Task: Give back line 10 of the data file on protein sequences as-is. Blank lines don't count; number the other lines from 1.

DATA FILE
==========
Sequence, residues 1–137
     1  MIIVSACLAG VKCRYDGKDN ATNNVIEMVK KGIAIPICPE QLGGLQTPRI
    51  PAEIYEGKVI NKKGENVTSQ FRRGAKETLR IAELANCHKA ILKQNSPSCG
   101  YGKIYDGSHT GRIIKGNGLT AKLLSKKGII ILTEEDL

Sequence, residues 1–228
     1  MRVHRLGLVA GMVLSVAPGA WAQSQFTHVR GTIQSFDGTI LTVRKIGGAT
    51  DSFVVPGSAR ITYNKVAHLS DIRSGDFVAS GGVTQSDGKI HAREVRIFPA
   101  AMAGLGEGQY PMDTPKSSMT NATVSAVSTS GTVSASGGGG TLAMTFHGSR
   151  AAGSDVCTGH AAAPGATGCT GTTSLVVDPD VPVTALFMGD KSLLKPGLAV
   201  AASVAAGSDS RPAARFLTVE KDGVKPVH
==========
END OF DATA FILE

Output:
   201  AASVAAGSDS RPAARFLTVE KDGVKPVH